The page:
Blog & Editorial

Pitbulls: the real solution also applies to cats


I’ve been listening to the debates on the issue of pitbulls and I don’t understand why we are still talking about banning these dogs. There is a simple solution that would benefit not only dogs, but also cats and all pets. That’s why I’m weighing in on the debate today.

Many liken pitbull defendants to lobbyists who promote firearms, arguing that the pitbull is not dangerous, but rather the person at the end of the leash. According to them, the « weapon » should be banned. However, banning pitbulls would be like banning only the AK-47 among all available weapons on the market. Basically, if pitbulls are banned, people who want a powerful animal will move on to other breeds. In a few years, the mastiff or German shepherd will be in the middle of the same debate.

So, why not ban all big dogs as we would ban all weapons? It’s a societal debate and, whether you agree or disagree, the fact remains that this argument is valid. Prohibiting the use of dangerous tools by the community because we don’t know how to use them properly has often been the preferred solution… unless said tool benefits us more than it causes harm. We could draw a parallel with cars. Since they hurt and kill lots of people, why not ban them? Because they’re practical! Thus, we regulate and supervise their use. Permits are required to use them. Do you see me coming? I think many of us will agree that pets benefit us as much, if not more, than cars. Why not apply the same logic?

Mandatory animal care training could lead to a « license » for anyone wishing to adopt a pet. To me, this solution seems obvious and realistic. I don’t understand why it’s almost never mentioned in the debate. We are willing to spend money on laws and inspectors to control pitbulls, but not on a long-term solution that could have a major impact on animals? Difficult to understand… There are enough animal professionals to support such regulations, be they behaviour specialists, vetenarians or animal health technicians.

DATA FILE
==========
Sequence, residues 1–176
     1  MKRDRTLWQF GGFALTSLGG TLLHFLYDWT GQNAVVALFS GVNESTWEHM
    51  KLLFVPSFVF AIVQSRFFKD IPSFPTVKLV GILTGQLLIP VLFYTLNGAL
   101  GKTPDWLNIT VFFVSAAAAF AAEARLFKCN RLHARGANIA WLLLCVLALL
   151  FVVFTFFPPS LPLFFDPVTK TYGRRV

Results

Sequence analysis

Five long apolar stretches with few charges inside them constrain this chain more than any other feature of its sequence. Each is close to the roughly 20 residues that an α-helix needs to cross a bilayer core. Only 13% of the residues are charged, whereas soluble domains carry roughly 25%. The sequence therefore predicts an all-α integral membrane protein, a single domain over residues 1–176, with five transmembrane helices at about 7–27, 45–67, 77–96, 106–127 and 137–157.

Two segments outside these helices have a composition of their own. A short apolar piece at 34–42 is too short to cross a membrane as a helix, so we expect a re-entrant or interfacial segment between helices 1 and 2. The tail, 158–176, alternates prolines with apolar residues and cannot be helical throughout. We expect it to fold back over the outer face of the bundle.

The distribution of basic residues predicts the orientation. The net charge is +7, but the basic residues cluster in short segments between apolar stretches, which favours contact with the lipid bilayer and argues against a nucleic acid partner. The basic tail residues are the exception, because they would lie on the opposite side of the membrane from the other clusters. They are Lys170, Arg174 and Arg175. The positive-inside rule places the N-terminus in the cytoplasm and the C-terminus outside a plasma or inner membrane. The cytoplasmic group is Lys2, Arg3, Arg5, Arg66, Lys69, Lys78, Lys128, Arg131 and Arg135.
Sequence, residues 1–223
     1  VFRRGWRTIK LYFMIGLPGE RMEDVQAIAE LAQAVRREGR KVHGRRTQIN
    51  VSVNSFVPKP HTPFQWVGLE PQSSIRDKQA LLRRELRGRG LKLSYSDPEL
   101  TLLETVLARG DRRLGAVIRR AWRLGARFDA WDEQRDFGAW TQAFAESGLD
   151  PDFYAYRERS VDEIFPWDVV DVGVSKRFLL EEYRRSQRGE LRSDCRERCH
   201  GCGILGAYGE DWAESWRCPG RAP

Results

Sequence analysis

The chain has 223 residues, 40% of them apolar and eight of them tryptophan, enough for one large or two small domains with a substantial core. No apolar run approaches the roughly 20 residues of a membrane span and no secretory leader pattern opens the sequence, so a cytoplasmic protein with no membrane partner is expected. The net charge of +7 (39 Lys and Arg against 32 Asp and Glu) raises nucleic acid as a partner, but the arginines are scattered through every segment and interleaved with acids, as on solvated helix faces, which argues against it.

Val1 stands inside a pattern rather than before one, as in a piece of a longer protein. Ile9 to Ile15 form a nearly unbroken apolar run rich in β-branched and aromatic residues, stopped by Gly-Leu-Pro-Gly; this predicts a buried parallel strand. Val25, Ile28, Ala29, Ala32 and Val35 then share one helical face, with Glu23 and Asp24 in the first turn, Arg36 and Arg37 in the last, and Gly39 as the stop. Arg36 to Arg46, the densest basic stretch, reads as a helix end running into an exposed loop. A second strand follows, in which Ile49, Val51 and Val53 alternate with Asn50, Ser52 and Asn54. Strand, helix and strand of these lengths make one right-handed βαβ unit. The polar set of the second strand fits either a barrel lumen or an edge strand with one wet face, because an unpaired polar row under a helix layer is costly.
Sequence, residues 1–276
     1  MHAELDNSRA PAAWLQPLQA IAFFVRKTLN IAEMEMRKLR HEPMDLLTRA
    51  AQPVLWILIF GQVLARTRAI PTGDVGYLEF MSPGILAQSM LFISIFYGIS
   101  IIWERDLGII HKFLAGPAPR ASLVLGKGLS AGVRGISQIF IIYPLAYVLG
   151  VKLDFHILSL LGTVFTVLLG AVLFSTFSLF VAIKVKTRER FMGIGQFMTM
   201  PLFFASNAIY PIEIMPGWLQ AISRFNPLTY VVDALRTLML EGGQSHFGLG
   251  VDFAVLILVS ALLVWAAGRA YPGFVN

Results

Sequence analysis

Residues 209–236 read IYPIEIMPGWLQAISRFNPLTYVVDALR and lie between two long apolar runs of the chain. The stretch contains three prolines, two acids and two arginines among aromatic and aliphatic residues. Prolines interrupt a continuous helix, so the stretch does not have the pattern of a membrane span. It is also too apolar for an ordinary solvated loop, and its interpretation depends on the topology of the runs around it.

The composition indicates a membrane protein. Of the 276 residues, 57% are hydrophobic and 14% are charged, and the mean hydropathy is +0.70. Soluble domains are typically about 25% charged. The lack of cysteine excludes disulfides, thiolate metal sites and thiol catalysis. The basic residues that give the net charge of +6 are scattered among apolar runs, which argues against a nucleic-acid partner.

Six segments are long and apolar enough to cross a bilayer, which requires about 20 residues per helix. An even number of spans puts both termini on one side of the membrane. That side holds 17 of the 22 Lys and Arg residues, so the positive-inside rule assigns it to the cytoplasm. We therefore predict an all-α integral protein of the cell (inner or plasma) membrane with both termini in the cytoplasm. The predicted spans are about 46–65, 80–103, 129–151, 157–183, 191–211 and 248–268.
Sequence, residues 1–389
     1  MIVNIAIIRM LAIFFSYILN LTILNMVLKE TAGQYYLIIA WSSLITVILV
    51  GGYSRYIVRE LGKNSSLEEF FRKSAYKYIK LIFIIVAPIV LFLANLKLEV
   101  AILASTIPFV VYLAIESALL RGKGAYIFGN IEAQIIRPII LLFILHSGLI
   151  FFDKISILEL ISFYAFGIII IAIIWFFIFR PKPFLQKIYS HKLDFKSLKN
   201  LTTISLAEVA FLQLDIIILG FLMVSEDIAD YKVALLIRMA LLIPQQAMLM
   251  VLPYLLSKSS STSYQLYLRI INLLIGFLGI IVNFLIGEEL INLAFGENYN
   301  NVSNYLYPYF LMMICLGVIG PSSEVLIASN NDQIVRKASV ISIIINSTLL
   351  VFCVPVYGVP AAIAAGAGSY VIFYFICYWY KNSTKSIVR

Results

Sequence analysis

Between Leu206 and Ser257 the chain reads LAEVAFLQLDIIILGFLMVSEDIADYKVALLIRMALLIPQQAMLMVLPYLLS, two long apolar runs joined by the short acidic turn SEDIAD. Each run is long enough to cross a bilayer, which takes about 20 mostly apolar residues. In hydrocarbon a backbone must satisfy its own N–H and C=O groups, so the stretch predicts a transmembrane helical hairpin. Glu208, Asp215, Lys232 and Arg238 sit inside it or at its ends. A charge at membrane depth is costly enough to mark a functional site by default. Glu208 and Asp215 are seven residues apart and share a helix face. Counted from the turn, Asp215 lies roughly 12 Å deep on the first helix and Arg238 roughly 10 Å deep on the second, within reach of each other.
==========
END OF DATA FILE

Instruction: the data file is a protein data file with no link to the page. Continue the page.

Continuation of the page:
Of course, these professionals should be accredited in order to eliminate « alpha trainers » and incompetents (who usually don’t know they are), but this is, in my opinion, very easy to do. Such regulation would create jobs and people like us, your favourite Cat Educators, could finally live out of our job like many of my colleagues in the field of animal behaviour.

Here are the potential impacts of such regulation:
– Major drop in surrenders. As a result, shelters could provide better help to animals and invest in education programs ;
– Significant decrease in the number of stray cats ;
– Significant decrease in cases of animal behaviour problems (which often lead to surrender or euthanasia) ;
– Decrease in injuries caused by animals ;
– Decrease in cases of animal abuse ;
– Job creation (veterinarians, animal health technicians, behaviour consultants) ;
– Quebec would stop being the laughing stock of the entire world, always ranking last in animal rights statistics (for example, puppy and kitten         mills).

Some would argue that such regulation would result in fewer people adopting pets and they would be partially right. But with today’s technology, it would be easy to take a mandatory online course BEFORE adopting an animal. This would teach people about what to look for in a breeder, but also how to choose the right animal based on their needs and environment. All this would help eliminate bad breeders, because people would be informed. Imagine all the positive outcomes! We could finally get rid of those punishment and dominance-based education methods, which cause so many problems.

The people who are not ready to invest a few hours in learning how to care for animals are probably the people who contribute to the problems listed above and who make us the worst Canadian province in terms of animal abuse.

I’m not suggesting that such regulation be imposed overnight on current pet owners, which would lead to a major wave of surrenders. I’m aware of the need for control measures and step by step implementing, starting with the behavioural assessment of every large dog. It would be a long-term project. Be that as it may, some countries, including Switzerland, have already opted for a similar system and their legislation works very well.

I ask of all the people who are discussing the matter to stop talking about ineffective measures. Instead, let’s discuss solutions that would benefit all animals and make a lasting difference in Quebec.


Daniel Filion

President, Cat Educator


1 The term « pitbull » is used here to refer to all breeds of pitbull type dogs.

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